After the traverse a short section of horizontal caving brought us to the classic Puits de l'Echo shaft in this cave. Initially rigged via a couple of shorter parallel pitches, an airy traverse then took you round to the main hang point in the shaft proper – a fabulous circular pit dripping with stal formations. This 40m hang was broken into two by a rebelay around half way down, and as I descended I took the time to marvel at the beauty of my surroundings, and consider how fortunate I've been to make it back to do this trip properly.
The superb Puits de l'Echo
The survey suggested we now had a nice section of streamway that would take us to a short pitch prior to a constricted and wet section of cave just prior to joining the final section at the bottom of the system. However this was not the master cave we expected, but a constricted rift needing more thrutching and crawling than we desired, before arriving at the last pitch of our planned journey. It had taken us four and half hours to get to this point, and it was now time to head out.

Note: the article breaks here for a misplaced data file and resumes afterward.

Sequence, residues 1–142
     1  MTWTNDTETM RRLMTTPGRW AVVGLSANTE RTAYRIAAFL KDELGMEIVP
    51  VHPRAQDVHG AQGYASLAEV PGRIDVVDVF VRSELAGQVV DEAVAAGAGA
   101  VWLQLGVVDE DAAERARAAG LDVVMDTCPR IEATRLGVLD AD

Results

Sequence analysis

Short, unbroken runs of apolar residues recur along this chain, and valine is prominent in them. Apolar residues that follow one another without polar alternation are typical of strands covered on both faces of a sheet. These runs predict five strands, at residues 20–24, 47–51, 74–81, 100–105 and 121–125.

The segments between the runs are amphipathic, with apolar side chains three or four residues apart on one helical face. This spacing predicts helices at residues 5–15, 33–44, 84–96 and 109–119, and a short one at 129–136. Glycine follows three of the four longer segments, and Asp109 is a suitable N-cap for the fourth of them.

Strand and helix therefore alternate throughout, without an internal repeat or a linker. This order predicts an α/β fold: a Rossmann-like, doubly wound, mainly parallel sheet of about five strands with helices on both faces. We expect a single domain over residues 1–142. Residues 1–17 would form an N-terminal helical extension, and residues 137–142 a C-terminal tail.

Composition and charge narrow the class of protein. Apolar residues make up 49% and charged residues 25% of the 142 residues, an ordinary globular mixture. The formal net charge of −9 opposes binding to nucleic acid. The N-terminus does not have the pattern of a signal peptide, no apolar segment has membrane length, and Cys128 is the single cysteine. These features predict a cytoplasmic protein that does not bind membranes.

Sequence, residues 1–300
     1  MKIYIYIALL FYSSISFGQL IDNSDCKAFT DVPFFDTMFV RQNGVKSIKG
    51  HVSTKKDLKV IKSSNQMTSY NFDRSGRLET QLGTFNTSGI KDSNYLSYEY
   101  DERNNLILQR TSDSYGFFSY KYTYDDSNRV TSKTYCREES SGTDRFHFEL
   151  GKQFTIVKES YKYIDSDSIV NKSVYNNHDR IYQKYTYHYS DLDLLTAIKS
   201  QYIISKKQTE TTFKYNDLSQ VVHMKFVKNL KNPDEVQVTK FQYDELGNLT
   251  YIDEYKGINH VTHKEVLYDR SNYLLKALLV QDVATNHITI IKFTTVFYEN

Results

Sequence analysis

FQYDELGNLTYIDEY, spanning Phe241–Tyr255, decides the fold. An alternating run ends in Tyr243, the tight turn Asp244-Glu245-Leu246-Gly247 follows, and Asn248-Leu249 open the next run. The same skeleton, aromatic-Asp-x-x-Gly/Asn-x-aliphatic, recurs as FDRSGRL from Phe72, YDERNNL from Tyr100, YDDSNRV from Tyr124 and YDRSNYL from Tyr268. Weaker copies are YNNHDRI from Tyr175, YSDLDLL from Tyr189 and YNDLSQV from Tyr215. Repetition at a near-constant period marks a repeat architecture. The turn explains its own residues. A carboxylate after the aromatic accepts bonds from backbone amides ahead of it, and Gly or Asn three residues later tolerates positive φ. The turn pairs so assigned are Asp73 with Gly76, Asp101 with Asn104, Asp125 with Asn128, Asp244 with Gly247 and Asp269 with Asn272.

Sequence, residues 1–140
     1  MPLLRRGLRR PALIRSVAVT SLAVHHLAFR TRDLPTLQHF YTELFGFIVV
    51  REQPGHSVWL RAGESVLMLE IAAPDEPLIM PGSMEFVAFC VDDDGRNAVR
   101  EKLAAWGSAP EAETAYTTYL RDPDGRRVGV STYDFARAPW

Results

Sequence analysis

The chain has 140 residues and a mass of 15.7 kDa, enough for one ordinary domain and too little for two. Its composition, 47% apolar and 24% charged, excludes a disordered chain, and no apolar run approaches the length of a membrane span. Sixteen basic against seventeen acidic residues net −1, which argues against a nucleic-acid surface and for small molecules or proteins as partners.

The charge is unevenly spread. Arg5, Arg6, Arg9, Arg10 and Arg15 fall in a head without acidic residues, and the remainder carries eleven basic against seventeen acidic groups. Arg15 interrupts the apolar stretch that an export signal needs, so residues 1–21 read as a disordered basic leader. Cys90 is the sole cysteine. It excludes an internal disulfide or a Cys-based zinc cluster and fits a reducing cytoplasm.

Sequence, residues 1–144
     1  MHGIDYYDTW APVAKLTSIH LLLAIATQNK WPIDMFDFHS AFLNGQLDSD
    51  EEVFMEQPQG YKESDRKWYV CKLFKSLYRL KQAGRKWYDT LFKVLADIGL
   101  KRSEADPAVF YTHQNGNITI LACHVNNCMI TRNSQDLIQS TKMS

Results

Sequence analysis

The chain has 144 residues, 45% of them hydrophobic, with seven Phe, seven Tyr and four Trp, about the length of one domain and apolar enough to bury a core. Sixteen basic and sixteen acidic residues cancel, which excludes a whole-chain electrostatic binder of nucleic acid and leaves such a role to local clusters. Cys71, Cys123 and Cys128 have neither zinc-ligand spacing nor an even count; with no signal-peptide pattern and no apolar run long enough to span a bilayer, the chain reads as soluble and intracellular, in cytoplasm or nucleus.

Malcolm rigging the last pitch on our journey into the Aven de Hures. Photo: Ali Garman
Despite there being only three of us with some 400m of rope to take back out the derig went well. Steadily we headed out of the cave. Gradually ascending the accident pitch with two tackle bags of rope gave me both a quality physio experience and further time to ponder past experiences. A flashback or two did come back to the mind, but the awkwardness of before was no longer present.